20. Classification of 4 DES supernovae by OzDES

    NASA Astrophysics Data System (ADS)

    Glazebrook, K.; Amon, A.; Lidman, C.; Martini, P.; Tucker, B. E.; Yuan, F.; Aldering, G.; Kim, A. G.; Thomas, R. C.; Barbary, K.; Bloom, J. S.; Goldstein, D.; Nugent, P.; Perlmutter, S.; Foley, R. J.; Pan, Y.-C.; Casas, R.; Castander, F. J.; Desai, S.; Paech, K.; Smith, R. C.; Schubnell, M.; Kessler, R.; Lasker, J.; Scolnic, D.; Brout, D. J.; Gladney, L.; Sako, M.; Wolf, R. C.; Brown, P. J.; Krisciunas, K.; Suntzeff, N.; Nichol, R.; Papadopoulos, A.; Childress, M.; D'Andrea, C.; Smith, M.; Sullivan, M.; Maartens, R.; Gupta, R.; Kovacs, E.; Kuhlmann, S.; Spinka, H.; Ahn, E.; Finley, D. A.; Frieman, J.; Marriner, J.; Wester, W.

    2015-12-01

    We report new spectroscopic classifications by OzDES of supernovae discovered by the Dark Energy Survey (ATEL #4668). The spectra (370-885nm) were obtained with the AAOmega Spectrograph (Saunders et al. 2004, SPIE, 5492, 389) and the 2dF fibre positioner at the Anglo-Australian Telescope (AAT).

  1. Classification of 6 DES Supernova with OzDES

    NASA Astrophysics Data System (ADS)

    Lewis, G. F.; Mould, J.; Lidman, C.; Tucker, B. E.; Sharp, R.; Yuan, F.; Martini, P.; Kessler, R.; Scolnic, D.; Covarrubias, R. A.; Brout, D. J.; Fischer, J. A.; Gladney, L.; March, M.; Sako, M.; Wolf, R. C.; Brown, P. J.; Krisciunas, K.; Suntzeff, N.; Nichol, R.; Papadopoulos, A.; D'Andrea, C.; Smith, M.; Sullivan, M.; Childress, M.; Maartens, R.; Gupta, R.; Kovacs, E.; Kuhlmann, S.; Spinka, H.; Ahn, E.; Finley, D. A.; Frieman, J.; Marriner, J.; Wester, W.; Aldering, G.; Kim, A. G.; Thomas, R. C.; Barbary, K.; Bloom, J. S.; Goldstein, D.; Nugent, P.; Perlmutter, S.; Foley, R. J.; Casas, R.; Castander, F. J.; Desai, S.; Paech, K.; Smith, R. C.; Schubnell, M.

    2015-10-01

    We report new spectroscopic classifications by OzDES of supernovae discovered by the Dark Energy Survey (ATEL #4668). The spectra (370-885nm) were obtained with the AAOmega Spectrograph (Saunders et al. 2004, SPIE, 5492, 389) and the 2dF fibre positioner at the Anglo-Australian Telescope (AAT).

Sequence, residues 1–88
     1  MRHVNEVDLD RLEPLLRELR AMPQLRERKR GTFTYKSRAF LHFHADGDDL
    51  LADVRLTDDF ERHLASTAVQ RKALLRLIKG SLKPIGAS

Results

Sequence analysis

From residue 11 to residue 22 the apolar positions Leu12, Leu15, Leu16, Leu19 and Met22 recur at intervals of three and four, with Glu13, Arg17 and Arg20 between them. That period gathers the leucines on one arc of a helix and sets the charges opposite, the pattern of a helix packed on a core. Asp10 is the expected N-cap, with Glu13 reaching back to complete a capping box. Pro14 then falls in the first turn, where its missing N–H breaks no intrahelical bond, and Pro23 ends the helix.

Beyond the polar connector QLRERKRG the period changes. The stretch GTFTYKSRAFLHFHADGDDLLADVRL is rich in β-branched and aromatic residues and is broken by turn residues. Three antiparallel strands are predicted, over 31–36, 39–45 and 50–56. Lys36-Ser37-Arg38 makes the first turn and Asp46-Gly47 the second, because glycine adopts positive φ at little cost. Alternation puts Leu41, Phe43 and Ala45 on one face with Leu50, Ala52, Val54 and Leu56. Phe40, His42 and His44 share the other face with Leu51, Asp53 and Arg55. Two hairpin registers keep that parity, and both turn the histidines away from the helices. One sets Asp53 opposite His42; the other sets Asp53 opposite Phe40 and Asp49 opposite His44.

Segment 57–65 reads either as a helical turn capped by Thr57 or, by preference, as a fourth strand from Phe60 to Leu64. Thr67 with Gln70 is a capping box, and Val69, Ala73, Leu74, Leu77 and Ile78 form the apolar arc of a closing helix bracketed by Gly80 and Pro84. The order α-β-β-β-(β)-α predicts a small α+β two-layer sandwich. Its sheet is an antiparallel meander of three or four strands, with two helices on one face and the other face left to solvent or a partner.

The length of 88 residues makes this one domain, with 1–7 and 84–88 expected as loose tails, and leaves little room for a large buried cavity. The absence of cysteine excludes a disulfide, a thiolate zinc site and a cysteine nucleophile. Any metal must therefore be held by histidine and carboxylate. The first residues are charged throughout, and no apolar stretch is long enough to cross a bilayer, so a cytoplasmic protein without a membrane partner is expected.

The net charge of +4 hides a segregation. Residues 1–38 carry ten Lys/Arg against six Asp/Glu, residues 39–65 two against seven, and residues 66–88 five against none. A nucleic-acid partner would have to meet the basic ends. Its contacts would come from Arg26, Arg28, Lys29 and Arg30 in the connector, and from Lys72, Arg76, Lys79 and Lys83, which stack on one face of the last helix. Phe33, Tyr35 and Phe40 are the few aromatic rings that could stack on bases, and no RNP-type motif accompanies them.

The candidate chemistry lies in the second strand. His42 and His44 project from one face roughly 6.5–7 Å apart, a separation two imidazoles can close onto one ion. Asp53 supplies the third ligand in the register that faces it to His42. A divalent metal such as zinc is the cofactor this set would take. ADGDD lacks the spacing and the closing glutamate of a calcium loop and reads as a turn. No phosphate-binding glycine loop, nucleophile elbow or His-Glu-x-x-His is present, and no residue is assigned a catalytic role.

2. Classification of 20 DES Supernova with OzDES

    NASA Astrophysics Data System (ADS)

    Davis, T. M.; Kim, A. G.; Macualay, E.; Lidman, C.; Sharp, R.; Tucker, B. E.; Yuan, F.; Zhang, B.; Lewis, G. F.; Sommer, N. E.; Martini, P.; Mould, J.; Ahn, E.; Finley, D. A.; Frieman, J.; Marriner, J.; Wester, W.; Aldering, G.; Thomas, R. C.; Barbary, K.; Bloom, J. S.; Goldstein, D.; Nugent, P.; Perlmutter, S.; Foley, R. J.; Pan, Y.-C.; Casas, R.; Castander, F. J.; Desai, S.; Paech, K.; Smith, R. C.; Schubnell, M.; Kessler, R.; Lasker, J.; Scolnic, D.; Brout, D. J.; Gladney, L.; Sako, M.; Wolf, R. C.; Brown, P. J.; Krisciunas, K.; Suntzeff, N.; Nichol, R.; Papadopoulos, A.; Childress, M.; D'Andrea, C.; Smith, M.; Sullivan, M.; Maartens, R.; Gupta, R.; Kovacs, E.; Kuhlmann, S.; Spinka, H.

    2015-12-01

    We report new spectroscopic classifications by OzDES of supernovae discovered by the Dark Energy Survey (ATEL #4668). The spectra (370-885nm) were obtained with the AAOmega Spectrograph (Saunders et al. 2004, SPIE, 5492, 389) and the 2dF fibre positioner at the Anglo-Australian Telescope (AAT).

  3. Classification of 15 DES supernovae by OzDES

    NASA Astrophysics Data System (ADS)